Teri Duerr
Monday, 10 August 2015 12:08
Chain of Witnesses: The Cases of Miss Phipps
Bill Crider

I’ve known Marv Lachman for close to 40 years, and I regard him as one of the foremost authorities on short crime fiction. So when he says that Phyllis Bentley’s stories about Miss Phipps are “some of the best detective stories published in the second half of the 20th century,” as he does in his introduction to Chain of Witnesses: The Cases of Miss Phipps, then I take notice. Lachman has chosen 16 stories for this volume, beginning with “Author in Search of a Character,” which was the first about Miss Phipps to be published in EQMM, where all the stories in the collection were either reprinted or first published. Each is elegantly told in the best fair-play tradition, and it’s a pleasure to watch Miss Phipps at work. This book will be of special interest to those who like authors as characters, as Miss Phipps is a novelist and appears to be based on Bentley herself.

Teri Duerr
Monday, 10 August 2015 12:08
Fiction River: Alchemy & Steam
Bill Crider

Fiction River: Alchemy & Steam is “an original anthology magazine” in the form of a trade paperback. Series editors are Dean Wesley Smith and Kristine Kathryn Rusch, with this volume being edited by Kerrie L. Hughes, who provides introductions to each of the 13 stories. While these stories might not appeal to all mystery fans, readers who like mysterious carnivals, alternate worlds, chocolate, alchemy, and steampunk in general will find the stories a lot of fun. There are crimes, too, and mysteries of various kinds. Well worth a look if you’re in the mood for something different.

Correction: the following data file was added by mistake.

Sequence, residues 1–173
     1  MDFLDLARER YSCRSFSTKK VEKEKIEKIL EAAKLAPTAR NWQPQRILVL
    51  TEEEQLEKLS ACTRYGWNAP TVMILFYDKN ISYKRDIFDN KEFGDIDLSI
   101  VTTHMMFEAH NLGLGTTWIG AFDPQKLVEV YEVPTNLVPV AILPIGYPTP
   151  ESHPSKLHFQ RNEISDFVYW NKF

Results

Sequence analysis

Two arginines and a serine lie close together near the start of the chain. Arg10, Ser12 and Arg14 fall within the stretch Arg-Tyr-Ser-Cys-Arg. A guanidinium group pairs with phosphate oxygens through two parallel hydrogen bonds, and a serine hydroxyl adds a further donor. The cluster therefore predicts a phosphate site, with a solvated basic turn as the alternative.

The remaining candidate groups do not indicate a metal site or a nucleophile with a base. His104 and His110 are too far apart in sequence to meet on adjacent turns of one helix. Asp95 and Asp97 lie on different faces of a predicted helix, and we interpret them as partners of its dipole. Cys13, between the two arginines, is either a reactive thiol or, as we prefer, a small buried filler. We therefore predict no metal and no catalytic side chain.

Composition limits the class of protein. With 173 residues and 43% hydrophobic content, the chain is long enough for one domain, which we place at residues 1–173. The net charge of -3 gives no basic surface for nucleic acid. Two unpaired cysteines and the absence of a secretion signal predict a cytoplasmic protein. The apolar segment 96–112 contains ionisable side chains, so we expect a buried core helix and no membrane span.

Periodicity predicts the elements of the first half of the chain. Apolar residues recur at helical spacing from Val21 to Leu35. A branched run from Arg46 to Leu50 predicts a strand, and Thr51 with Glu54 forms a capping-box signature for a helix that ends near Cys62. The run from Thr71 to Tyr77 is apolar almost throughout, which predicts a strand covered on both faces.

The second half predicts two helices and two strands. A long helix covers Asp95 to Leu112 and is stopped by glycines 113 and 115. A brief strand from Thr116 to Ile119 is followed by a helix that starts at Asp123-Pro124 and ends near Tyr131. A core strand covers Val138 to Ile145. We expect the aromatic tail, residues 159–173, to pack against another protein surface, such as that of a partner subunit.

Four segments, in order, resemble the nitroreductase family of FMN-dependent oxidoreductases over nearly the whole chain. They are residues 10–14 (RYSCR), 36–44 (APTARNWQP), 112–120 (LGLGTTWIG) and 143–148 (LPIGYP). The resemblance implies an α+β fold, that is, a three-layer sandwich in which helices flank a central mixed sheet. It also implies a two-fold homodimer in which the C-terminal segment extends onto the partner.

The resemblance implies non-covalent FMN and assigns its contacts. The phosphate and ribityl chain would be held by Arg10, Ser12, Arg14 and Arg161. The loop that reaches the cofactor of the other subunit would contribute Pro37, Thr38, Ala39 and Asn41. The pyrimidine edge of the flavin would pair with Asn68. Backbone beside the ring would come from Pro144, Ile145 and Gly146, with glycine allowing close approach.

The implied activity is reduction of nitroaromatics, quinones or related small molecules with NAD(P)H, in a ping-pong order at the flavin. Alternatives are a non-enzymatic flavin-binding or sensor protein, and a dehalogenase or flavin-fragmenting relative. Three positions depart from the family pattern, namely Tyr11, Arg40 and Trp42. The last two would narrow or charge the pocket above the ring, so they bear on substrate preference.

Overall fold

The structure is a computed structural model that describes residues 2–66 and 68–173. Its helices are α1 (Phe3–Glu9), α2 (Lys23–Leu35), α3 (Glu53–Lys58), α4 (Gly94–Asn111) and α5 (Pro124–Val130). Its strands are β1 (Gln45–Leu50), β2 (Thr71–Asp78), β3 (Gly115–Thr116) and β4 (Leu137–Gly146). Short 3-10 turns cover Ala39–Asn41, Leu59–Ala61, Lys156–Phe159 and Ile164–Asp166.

Teri Duerr
Monday, 10 August 2015 12:08
The Big Seven: A Faux Mystery
Dick Lochte

Jim Harrison’s protagonist, retired Upper Peninsula cop and occasional private detective Sunderson, made his debut in the author’s first “faux mystery,” The Great Leader (2011). In that one, the aging moralist-debaucher was involved with, among other things, the search for the missing leader of a cult. But the novel was really about Sunderson’s attempt to figure out how to live in a world that makes it too easy for him to overdo food, drink, and sex, and too hard to avoid violence and death. The new, equally faux mystery, is more of the same. More rumination, more food, drink, sex, and violence, as Sunderson keeps tabs on an ultra-dysfunctional neighboring UP family whose members are being bumped off. One of the main suspects is a 17-year-old beauty who is quick to seduce the sixtysomething sleuth and who joins him on a boozy, foodie trip to Vera Cruz, during which they check off several of the seven deadly sins referenced by the title. Reader Jim Meskimen, an excellent impressionist as well as actor (Big Bang Theory, Parks and Recreation), adds a general tone of bemusement to Sunderson’s speech that accurately reflects the character’s usual reaction to nearly everything, be it news of murder or incest or a killer who spends his days bird-watching. There are angry flare-ups, mainly when the detective confronts men who mistreat women, as well as moments of bliss, especially when he is fishing, dining and sharing the joys of sexual delight with, as the author would have it, every woman he meets.

Teri Duerr
Monday, 10 August 2015 12:08